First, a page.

THE latest electoral triumph of conservative Prime Minister Silvio Berlusconi, in which his candidates won nearly one-third of the votes for his country's seats in the European Parliament, has shattered Italy's political opposition.
On June 13, in the wake of their poor showing in the vote, the Democratic Party of the Left (PDS) leader Achille Occhetto, the Socialist Party leader Ottaviano Del Turco, and the Democratic Alliance leader Willer Bordon resigned.
The resignations highlight the crisis of the Italian left in the Berlusconi era. The left is losing support as Italians demand a solution to the country's job crisis; its parties are still far from united under one banner, which was the goal of the newly created Democratic Alliance; and it has no leader able to match Mr. Berlusconi's charismatic appeal.
Lack of an alternative
``What is Berlusconi's fortune? That he has no adversary worthy of the name,'' says Carmine Mancuso, senator of the Rete, one of the country's small left-wing parties.
``The left is losing because it lacks an alternative program and a leader,'' he adds.
After the June 12 election, Mr. Occhetto's party remains Italy's second largest, with 19.1 percent of the vote, a loss of a little more than a percentage point over last March's parliamentary elections. But that single percentage point spelled disaster for Occhetto, who had promised that the PDS would make a comeback in these polls.
After the collapse of the Berlin Wall, Occhetto successfully created the PDS out of the Italian Communist Party in 1990, and he was a key supporter of last year's referendum that established a British-style electoral system here. In the run-up to the March parliamentary elections, he brought the party around to a moderate political and economic position acceptable to Italian and foreign businessmen.
But his accomplishments were not enough to win votes from a suspicious center-right electorate, persuaded by Berlusconi's argument that the leadership and ideas of the PDS were the same as those of the old Communist Party.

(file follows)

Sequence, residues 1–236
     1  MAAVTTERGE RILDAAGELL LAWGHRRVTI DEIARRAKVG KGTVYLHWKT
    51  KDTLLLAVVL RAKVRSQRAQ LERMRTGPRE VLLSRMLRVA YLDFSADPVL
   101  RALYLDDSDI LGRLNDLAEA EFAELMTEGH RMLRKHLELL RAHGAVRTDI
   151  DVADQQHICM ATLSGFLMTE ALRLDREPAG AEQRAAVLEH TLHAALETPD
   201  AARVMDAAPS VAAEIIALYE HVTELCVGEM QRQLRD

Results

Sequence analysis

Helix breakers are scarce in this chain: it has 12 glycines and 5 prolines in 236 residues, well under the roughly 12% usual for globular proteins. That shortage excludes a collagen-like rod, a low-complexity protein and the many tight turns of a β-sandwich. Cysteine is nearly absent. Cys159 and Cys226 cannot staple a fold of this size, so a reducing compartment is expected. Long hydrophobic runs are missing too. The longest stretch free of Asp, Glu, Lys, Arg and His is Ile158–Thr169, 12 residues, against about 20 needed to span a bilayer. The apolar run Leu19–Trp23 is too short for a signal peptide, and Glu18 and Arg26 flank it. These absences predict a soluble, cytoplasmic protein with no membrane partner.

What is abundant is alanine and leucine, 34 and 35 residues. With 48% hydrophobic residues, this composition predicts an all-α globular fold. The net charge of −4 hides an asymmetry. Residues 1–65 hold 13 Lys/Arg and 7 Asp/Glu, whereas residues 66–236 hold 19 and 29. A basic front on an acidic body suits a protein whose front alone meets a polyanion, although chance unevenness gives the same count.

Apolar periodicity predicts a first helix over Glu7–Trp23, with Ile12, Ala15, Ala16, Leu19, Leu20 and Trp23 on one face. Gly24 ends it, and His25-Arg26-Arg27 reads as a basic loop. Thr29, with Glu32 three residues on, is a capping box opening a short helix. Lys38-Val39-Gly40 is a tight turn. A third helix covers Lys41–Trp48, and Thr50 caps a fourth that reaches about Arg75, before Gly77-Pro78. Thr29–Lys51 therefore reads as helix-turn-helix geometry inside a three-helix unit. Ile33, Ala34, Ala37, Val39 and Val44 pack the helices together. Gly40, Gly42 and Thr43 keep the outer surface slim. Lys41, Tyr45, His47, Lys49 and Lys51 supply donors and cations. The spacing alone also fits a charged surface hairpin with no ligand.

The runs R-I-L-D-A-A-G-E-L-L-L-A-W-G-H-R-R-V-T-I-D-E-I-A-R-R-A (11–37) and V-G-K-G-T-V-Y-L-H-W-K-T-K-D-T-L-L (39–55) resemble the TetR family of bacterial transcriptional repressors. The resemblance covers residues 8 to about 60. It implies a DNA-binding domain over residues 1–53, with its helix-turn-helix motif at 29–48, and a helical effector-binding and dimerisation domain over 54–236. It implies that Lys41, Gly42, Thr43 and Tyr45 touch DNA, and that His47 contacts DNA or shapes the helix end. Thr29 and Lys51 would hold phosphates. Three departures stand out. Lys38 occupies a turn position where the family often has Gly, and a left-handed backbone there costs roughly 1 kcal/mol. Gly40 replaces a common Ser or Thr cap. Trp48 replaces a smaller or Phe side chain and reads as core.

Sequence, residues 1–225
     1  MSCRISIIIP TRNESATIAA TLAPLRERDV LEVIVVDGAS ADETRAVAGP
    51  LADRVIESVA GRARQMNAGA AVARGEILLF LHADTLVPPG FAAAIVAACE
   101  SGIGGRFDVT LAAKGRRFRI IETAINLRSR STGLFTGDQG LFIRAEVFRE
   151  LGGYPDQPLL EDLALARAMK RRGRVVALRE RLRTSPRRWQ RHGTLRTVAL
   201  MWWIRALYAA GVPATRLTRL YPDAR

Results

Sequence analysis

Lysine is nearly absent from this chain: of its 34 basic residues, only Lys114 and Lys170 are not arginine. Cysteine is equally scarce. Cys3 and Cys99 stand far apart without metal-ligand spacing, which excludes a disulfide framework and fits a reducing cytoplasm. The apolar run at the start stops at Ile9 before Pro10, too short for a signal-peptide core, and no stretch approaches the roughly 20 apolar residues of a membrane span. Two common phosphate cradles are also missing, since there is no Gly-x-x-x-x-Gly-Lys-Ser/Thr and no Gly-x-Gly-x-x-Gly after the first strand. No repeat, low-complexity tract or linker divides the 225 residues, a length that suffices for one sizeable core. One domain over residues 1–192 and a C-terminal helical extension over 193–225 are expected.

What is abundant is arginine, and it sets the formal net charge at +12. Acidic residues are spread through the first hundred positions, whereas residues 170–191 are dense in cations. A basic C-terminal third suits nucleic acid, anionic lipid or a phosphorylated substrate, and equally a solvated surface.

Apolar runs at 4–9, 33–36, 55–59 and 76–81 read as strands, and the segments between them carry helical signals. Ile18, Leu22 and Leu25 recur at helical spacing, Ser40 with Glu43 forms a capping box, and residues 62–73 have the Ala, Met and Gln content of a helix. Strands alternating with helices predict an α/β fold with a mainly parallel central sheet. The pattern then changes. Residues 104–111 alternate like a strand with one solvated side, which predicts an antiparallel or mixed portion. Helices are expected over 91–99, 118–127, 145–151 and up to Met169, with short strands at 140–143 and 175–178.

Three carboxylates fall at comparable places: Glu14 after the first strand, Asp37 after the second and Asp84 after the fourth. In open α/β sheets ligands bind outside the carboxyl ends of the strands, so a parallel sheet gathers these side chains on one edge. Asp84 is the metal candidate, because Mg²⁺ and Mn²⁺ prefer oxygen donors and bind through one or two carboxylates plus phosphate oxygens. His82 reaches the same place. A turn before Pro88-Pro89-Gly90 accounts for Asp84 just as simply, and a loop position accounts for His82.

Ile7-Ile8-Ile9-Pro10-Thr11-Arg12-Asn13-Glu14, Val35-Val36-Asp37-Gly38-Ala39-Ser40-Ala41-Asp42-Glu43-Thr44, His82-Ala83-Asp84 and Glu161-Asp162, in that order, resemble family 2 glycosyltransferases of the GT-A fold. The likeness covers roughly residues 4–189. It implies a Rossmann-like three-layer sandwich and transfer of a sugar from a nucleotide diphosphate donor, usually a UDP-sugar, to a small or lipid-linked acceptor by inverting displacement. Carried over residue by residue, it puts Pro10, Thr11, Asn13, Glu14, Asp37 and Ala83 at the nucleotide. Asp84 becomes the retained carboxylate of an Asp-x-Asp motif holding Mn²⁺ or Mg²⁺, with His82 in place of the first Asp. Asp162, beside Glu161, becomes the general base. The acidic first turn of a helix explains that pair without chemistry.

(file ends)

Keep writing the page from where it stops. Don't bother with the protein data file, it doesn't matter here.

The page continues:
Occhetto's possible successors include Massimo D'Alema, the No. 2 in the party, and Walter Veltroni, the editor of the party newspaper L'Unita. Mr. Veltroni strongly supports creating an Italian Democratic Party, which would replace the country's numerous left-wing parties (the Communist Refoundation, the Rete, the Greens, the PDS, the Democratic Alliance, the Social Democrats, and the Socialists).
Two of these parties, the Socialist Party and the Democratic Alliance, could not even muster 2 percent of the vote running together for the European Parliament, which sharply underlined the demise of the Socialists, who used to get 10 percent to 15 percent of the national vote under the leadership of the now-discredited former Prime Minister Bettino Craxi.
Mr. Craxi, who has been accused by investigating magistrates of taking millions of dollars in kickbacks for his party, has refused to obey a court order to turn in his passport to the Italian government and remains in seclusion in his Tunisian resort home, where he says he is under medical treatment.
Mr. Berlusconi's newly created Forza Italia party won nearly 1 in 3 votes in the European Parliament vote, following his party's heavy advertising on the three television networks he owns.
``Berlusconi has succeeded in turning the TV into a giant Piazza Venezia,'' says Senator Mancuso, referring to the Roman square used by Fascist dictator Benito Mussolini to rally popular support.
A dramatic increase
Berlusconi's 30.6 percent showing is a dramatic increase over the 21 percent he won in the March national parliamentary elections. After his latest victory, he threatened the opposition, saying if they did not let him govern, he would create a government crisis and send the country back to the polls, from which he would presumably emerge stronger than ever.
His main partners in the conservative ruling coalition also lost ground to Forza Italia: The neo-Fascist National Alliance won 12.5 percent of the vote, a loss of about 1 percentage point since the March parliamentary elections, and the Northern League garnered 6.6 percent, a drop of nearly 2 percentage points.
Berlusconi's promise to create 1 million new jobs and an economic miracle are just the kinds of reassuring words his fellow citizens want to hear right now, Mancuso says.
``The Italians aren't a revolutionary people like the French,'' he says. ``The Italians are very conservative, and they're interested in stability.''